Simple transactions often get turned away by the myriad of institutions involved in carrying, validating, approving and executing a charge. Even perfectly valid credit cards can be caught in bank issues, setup problems and fraud risk algorithms. This article helps explain your possible next steps if this has happened to you while trying to make a purchase on the Gravity Forms website.
What is a Processor Decline?
Processor Decline is one of the most common causes of a failed transaction.
In summary, this is an error code returned from your financial institution (your bank or credit card company) to our payment processor that says the bank will not authorize this charge.
In more detail—when you enter your transaction details and press “go” on our purchase page, your details are securely sent from our payment collection site to a payment gateway, who’s job it is to obtain authorization for the charge from your bank, and then execute the commands necessary to initiate the transfer of funds between financial institutions.
They start this process by sending details and asking the bank, “will you honor this charge?”. A processor decline is the bank’s way of saying “No, we will not.”
But Why Did They Reject The Charge?
The bank does not provide many details with this message. We get an error code and short description (see link below), but since they are responsible for protecting your financial privacy, we get basically nothing else.
The link below shows a list of the types of error codes your bank may send with a processor decline. These are not always visible when you make a purchase, but we can look them up with you transaction metadata. Link: list of decline codes.
But there is no problem with my card!
We know, we hear that all the time! In our experience, how banks utilize their error codes can vary widely. With all the various state and country regulations, combined with a myriad of internal processes and staff training levels, financial institutions seem far from consistent in this, and definitely not faultless in how each executes this process.
For example, we frequently see error code 2001 (Insufficient Funds) for accounts and credit cards that have no fund issues.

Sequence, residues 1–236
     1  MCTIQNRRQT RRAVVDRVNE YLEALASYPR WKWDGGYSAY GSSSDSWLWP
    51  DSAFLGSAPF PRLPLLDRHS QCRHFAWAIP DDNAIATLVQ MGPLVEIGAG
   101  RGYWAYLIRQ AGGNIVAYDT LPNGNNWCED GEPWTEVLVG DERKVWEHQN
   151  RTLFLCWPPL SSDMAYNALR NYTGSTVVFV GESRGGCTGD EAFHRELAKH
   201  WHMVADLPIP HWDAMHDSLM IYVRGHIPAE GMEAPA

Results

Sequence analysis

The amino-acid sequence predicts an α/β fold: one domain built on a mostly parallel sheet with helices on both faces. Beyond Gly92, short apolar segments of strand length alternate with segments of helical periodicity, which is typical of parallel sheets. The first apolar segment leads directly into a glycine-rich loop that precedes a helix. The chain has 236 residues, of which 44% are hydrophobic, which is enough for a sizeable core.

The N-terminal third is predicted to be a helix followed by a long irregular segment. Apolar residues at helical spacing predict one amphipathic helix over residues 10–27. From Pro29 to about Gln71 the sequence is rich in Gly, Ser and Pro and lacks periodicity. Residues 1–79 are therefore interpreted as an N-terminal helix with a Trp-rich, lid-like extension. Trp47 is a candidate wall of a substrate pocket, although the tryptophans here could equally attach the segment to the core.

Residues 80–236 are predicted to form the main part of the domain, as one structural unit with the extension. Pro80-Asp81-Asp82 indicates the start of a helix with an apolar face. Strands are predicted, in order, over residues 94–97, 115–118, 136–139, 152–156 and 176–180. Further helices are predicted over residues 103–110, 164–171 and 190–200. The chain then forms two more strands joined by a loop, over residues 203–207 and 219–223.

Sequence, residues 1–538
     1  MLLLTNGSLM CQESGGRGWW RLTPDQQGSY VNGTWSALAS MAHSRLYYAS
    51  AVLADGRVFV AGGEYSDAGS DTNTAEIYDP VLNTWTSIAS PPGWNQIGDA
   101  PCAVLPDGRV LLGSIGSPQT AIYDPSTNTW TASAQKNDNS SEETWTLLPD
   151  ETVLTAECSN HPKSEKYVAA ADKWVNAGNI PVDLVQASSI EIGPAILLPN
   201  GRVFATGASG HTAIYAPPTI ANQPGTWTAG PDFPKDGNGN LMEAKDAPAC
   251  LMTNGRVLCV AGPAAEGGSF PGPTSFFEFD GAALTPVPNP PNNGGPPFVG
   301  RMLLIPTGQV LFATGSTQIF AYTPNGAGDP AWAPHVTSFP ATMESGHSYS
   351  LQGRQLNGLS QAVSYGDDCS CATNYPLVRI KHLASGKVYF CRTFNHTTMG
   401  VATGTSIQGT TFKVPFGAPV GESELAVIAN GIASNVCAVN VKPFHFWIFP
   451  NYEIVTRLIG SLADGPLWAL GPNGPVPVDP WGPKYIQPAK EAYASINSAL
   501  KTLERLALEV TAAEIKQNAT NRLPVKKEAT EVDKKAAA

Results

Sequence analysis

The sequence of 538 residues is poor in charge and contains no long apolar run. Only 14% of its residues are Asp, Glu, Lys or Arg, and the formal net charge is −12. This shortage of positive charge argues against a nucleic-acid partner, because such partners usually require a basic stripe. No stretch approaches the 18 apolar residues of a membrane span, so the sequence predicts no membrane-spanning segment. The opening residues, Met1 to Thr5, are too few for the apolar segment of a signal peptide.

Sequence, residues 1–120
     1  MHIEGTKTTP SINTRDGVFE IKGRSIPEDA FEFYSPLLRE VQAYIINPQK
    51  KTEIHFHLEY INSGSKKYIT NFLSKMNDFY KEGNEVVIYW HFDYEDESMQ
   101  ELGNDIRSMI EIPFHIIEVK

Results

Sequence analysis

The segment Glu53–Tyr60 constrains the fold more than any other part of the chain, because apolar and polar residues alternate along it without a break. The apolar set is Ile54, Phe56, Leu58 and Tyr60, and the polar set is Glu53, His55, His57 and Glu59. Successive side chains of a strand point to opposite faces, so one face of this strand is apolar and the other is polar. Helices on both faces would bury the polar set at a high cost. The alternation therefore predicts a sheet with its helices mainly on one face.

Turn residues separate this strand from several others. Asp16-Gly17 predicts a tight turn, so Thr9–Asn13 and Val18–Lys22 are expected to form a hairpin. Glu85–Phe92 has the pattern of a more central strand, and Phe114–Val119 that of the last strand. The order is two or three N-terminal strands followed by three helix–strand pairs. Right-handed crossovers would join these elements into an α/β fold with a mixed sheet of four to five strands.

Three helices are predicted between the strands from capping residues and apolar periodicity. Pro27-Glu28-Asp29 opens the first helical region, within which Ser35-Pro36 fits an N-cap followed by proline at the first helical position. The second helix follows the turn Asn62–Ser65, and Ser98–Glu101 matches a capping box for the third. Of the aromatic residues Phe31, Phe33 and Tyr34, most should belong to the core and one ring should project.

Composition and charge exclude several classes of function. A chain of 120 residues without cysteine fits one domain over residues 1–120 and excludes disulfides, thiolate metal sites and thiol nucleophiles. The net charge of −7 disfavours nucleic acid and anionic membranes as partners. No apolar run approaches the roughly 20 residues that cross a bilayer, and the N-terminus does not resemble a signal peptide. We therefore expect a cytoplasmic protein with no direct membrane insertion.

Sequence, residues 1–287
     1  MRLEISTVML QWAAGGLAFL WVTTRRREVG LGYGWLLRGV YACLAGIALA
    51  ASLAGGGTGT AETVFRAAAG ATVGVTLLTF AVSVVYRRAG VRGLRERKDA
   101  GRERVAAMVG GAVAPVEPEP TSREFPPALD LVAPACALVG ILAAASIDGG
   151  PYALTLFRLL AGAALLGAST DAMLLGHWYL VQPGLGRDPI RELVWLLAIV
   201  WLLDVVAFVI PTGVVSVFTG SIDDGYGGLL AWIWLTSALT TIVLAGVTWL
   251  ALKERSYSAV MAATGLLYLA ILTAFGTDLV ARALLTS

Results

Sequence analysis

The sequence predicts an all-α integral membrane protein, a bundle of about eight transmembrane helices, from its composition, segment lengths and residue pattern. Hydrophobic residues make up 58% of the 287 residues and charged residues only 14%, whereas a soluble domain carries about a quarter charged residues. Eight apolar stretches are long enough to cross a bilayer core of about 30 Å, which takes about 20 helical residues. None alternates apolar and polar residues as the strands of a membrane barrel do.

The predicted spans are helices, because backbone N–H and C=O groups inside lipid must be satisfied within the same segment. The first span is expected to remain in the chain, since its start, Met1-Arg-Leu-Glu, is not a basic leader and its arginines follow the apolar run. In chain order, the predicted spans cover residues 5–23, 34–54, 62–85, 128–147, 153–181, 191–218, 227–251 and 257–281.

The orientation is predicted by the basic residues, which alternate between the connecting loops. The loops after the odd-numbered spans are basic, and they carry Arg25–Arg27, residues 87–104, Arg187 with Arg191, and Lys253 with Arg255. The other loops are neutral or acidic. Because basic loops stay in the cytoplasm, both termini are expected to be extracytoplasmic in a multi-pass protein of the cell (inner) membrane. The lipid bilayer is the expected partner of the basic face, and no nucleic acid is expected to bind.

As another example, we hear all the time about a credit card being refused on one site, but working perfectly well on others. Sometimes, this may be related to how the bank implements their own fraud risk algorithms, and what code they send back when they are worried about a possibly fraudulent transaction. Approaches to this issue seem very inconsistent from what little we can see at our end.
Lesson being, don’t trust the error code as written. If you have any doubt, ask your bank!
What can Gravity Forms do to resolve this?
Unfortunately, we have no actions we can take to alleviate these types of declines. We cannot override, skip or otherwise manipulate the bank’s processor response (for obvious reasons), and our payment gateway will always honor them as received and immediately abort the charge attempt. The solution always lies with your bank.
How can I resolve this?
Firstly, check the card details. You probably entered it right, but worth a double check.
If possible, try a different card. This may clean up the issue straight away. Or pay with PayPal, where card details do not have to be re-entered.
Otherwise, contact your bank. Reach out to their customer support and ask then why your charge of amount $X on date Y was rejected. Hopefully you get someone with the knowledge to identify a setup issue, or able to review their flags for a perceived “unusual charge” that may stop one charge from going through.
We understand this is a frustrating situation, we feel your customer frustration around it every day. Hopefully this article helped clarify the best pathways to resolving it!